Electrical appliances can be tagged with a $300k fine if they are “unattended”, according to a warning issued by the Australian Competition and Consumer Commission.
The Australian Competition & Consumer Commission has been monitoring the electric home appliance market for more than a year, and has identified some common issues with electric appliances.
It has flagged a potential spike in electric appliances being sold without proper safety features, and said it was recommending that electric appliance manufacturers update their product labels and install safety features.
A common problem is that consumers don’t know how to properly use electrical appliances, according to the ACCC.
Consumer advocacy group Consumer Action Coalition (CAC) said that while the ACCCC’s recommendations are encouraging, the warning about the potential for fines was misleading. “
Consumer safety must be a top priority in the electric appliance market, so it is critical that electrical appliance manufacturers take action to improve safety features.”
Consumer advocacy group Consumer Action Coalition (CAC) said that while the ACCCC’s recommendations are encouraging, the warning about the potential for fines was misleading.
“[The ACCC’s warning] is a clear warning that people are being put at risk by the high number of electric appliances on the market,” said CAC national manager for consumer advocacy, Paul Waddell.
Waddell said that there was no proof that the number of products on the Australian market were actually unsafe.
Electric appliances in Australia are sold to households using an appliance charging system.
CAC said it has received complaints about electric appliances that were not equipped with a proper charging system, and it is recommending that electrical manufacturers update product labels.
However, the CAC warned that consumers should contact their local electric utility and report any problems.
Consumer Action Coalition spokeswoman and chief executive officer Joanna O’Sullivan said the warning was misleading, as the ACCCE’s recommendations were not binding.
O’Sullivan warned that the warning could be interpreted as a recommendation that electrical appliances should be sold with the safety features required, and consumers would have to check their appliances against the list of safety features before buying them.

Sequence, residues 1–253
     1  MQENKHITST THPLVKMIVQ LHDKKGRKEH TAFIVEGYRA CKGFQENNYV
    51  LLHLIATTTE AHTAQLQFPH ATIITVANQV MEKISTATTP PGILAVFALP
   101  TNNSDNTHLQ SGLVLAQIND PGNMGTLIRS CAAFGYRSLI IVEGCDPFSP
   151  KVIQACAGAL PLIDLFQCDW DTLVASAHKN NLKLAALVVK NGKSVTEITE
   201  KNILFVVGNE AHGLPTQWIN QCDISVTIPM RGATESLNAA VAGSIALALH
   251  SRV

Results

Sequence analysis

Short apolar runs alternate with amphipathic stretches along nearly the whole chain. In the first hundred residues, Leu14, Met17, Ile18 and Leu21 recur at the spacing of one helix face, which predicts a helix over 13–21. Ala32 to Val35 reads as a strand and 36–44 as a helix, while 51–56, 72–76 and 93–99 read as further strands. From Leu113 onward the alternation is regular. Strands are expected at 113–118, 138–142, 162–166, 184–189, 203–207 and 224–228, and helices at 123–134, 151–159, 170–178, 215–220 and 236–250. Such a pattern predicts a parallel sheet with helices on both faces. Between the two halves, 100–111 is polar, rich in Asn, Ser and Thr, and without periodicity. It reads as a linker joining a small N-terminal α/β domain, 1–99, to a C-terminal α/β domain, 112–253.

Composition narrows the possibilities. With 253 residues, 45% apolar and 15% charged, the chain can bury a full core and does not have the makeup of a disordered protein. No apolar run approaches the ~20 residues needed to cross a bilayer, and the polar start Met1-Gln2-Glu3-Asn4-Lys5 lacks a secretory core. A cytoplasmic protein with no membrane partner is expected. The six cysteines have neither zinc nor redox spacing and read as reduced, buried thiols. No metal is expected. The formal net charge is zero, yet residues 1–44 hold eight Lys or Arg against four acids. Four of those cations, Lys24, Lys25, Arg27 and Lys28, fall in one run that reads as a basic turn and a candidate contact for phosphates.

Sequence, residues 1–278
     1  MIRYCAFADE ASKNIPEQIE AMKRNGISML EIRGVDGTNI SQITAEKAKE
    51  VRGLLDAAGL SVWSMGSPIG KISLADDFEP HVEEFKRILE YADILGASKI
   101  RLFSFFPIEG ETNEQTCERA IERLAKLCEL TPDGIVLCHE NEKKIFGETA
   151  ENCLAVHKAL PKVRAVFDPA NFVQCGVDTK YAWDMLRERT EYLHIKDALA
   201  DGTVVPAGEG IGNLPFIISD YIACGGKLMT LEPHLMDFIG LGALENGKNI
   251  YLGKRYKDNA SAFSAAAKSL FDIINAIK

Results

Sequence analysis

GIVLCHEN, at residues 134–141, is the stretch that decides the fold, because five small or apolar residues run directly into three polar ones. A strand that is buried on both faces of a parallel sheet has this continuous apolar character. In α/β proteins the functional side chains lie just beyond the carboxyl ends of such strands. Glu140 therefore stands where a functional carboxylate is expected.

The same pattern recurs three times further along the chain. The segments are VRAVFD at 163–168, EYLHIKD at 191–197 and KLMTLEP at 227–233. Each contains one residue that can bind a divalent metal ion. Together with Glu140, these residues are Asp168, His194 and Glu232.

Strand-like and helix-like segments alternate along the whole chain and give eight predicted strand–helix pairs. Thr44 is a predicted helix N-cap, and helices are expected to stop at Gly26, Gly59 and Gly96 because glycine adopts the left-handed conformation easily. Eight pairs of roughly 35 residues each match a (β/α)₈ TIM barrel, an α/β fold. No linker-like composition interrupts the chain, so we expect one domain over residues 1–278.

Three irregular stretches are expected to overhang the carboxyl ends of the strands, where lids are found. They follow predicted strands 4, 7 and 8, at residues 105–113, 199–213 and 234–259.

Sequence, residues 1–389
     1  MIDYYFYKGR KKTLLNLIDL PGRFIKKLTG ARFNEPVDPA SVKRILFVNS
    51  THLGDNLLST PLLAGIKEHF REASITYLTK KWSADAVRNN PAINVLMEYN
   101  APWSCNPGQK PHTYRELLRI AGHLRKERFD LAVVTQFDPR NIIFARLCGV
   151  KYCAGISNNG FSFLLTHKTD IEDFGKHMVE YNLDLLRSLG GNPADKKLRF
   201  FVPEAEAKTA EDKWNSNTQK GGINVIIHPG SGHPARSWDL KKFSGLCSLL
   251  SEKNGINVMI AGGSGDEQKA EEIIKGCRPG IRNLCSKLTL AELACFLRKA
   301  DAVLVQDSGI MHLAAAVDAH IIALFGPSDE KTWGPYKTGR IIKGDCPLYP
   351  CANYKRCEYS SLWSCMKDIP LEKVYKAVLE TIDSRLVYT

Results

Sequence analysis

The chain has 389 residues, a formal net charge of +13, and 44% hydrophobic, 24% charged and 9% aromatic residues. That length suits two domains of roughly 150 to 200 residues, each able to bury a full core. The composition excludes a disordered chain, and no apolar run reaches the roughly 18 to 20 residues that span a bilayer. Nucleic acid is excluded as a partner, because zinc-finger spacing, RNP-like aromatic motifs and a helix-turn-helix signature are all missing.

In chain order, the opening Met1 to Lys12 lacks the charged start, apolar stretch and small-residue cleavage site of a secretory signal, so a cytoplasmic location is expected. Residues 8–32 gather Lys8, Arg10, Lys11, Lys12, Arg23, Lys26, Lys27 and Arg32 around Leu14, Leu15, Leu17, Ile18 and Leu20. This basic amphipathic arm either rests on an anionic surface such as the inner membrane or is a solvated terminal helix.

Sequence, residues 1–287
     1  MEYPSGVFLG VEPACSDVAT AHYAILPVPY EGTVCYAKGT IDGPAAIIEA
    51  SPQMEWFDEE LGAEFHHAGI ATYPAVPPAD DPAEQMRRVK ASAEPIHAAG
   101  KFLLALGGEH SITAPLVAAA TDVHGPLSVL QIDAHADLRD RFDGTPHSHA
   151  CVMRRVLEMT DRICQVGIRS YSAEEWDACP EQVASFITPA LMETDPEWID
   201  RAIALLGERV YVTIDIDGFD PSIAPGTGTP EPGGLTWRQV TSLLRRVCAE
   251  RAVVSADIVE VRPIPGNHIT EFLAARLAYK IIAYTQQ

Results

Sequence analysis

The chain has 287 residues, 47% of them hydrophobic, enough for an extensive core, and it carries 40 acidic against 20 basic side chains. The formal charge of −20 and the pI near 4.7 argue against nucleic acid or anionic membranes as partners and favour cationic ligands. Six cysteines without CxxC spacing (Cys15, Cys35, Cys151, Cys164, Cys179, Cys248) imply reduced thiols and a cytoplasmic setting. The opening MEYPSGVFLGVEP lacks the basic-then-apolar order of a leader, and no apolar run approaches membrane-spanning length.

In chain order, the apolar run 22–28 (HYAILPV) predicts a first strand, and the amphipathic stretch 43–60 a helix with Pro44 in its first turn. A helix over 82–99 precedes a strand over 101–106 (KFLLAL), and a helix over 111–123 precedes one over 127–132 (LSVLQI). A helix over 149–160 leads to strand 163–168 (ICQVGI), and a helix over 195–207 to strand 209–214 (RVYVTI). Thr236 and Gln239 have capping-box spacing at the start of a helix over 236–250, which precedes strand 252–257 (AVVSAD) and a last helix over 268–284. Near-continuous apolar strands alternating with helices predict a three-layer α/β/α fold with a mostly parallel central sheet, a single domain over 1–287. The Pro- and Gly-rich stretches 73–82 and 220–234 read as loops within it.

Under the rules of the ACC, electric appliances with the required safety features can be sold without a label.
While the ACC is recommending the mandatory installation of safety feature, it does not specify how much this will cost consumers, according the ACC’s guidance.
This would mean that if consumers found an electric appliance without the required features, they could end up paying more than $300 for it.
On average, consumers would need to spend about $900 to cover a $150,000 bill, according ACCC figures.
According to Consumer Action, about $300 would be required to cover the cost of installing safety features for all the electrical appliances sold in Australia.
That means the ACC cautions consumers to consider whether it would be cheaper to purchase an electric appliances without safety features if they were not sold with these safety features included, rather than spending money to install them.
Consumer Action recommends that electrical industry bodies, including the ACC and the ACCCA, implement a “one-size-fits-all” safety feature list, with all the necessary safety features that are required on every electric appliance sold in the Australian marketplace.
As well as this, it recommends that the ACC investigate any complaints of electric appliance safety that it receives.
ACCC advice also states that consumers must not purchase electrical appliances if they cannot afford to do so, as they could be subject to a fine or other penalty.